It’s a term that we’ll hear branded about all of the time, but ask most people what ‘organic food’ really means and you’ll probably be met with a lot of blank faces.
Part of this is probably down to the stores themselves. The labelling has become difficult to say the least and means that there is certainly an element of confusion amongst customers.
We were recently reading the views of Bennett Kireker and the debate regarding the health benefits of organic foods is also an interesting one. However, to give a clearer picture to all, we’re now going to mull over the big difference between organic and non-organic foods to show just what you should be turning to next time you head for the grocery store.
How are both types of food grown?
In the case of organic foods, these will be grown with natural fertilizers like manure and compost. This is perhaps one of the biggest advantages of organic foods, as anything that isn’t labelled with this tag will have probably been grown with synthetic fertilizers which contain umpteen chemicals.
It’s also worth mentioning the weed-control factor here. This is something that can hinder the growth of produce and in the case of organic foods a lot of work goes into preventing the growth of them. Techniques such as crop rotation, tilling, mulching and hand weeding are all used – methods which are time intensive but don’t involve any harmful substances. This is in complete contrast to non-organic foods, whereby the weeds tend to be managed with chemicals.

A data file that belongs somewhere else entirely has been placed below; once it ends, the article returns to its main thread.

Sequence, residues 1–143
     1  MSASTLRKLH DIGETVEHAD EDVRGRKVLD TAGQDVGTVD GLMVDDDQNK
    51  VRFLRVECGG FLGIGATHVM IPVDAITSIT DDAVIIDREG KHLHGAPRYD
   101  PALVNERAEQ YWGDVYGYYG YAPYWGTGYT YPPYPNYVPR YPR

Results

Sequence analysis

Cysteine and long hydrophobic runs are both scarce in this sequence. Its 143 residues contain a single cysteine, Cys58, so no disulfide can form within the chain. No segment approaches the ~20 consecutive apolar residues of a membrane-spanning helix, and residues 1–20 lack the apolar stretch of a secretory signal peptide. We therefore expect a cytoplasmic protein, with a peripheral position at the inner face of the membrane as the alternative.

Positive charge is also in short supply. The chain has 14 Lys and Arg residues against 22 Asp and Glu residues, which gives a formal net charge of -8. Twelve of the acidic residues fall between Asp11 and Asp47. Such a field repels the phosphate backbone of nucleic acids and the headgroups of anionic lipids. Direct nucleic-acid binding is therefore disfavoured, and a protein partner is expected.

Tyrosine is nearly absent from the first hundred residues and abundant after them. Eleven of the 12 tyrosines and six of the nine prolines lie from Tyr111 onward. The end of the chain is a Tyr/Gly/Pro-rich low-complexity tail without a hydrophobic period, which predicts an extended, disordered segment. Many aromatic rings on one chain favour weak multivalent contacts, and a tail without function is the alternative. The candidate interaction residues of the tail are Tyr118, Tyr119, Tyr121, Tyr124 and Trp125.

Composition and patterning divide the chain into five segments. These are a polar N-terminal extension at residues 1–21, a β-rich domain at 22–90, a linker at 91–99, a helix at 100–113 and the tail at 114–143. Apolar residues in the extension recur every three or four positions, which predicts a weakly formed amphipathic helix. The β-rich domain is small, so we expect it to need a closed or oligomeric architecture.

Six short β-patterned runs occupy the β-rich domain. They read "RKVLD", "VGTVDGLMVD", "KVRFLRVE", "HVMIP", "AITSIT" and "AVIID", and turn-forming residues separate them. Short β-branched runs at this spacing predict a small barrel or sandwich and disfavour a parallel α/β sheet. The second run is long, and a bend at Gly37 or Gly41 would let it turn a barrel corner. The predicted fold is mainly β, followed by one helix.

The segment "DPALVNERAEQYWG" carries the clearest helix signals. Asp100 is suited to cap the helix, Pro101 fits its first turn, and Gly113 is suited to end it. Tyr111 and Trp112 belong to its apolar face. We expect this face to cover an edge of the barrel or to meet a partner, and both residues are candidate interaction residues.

Similarly, there’s a major difference with how pests are controlled. This is another area which is difficult to manage for a lot of farmers and in the case of organic food, natural methods involving birds, insects and traps will attempt to control the pests. As you have probably gathered by now, this isn’t the case with non-organic foods, where synthetic substances are turned to.
What about eggs, meat and dairy?
So far, we’ve just looked at organic produce. In the case of meat, eggs and dairy, similar principles are used though.
It’s something of a big circle in relation to feeding as well, with livestock being provided organic food to consume. In the case of conventional eggs, meat and dairy, these animals will usually be provided non-organic food. There are sometimes cases of these animals being provided with growth hormones to make the process more efficient for the industry as well – although this won’t happen with every farm.
Disease management is an interesting topic as well. This is something that will vary widely between farms, although in the case of organic farms techniques such as rotational grazing and clean housing will be relied on to prevent the spread of disease. With non-organic foods, the same might occur, but a lot of the time antibiotics are relied on to manage diseases.
Finally, if you turn to organic food the animals will always have access to the outdoors – they won’t be caged. Again, this is something that might occur on some non-organic farms anyway, but at the same time it’s not a requirement.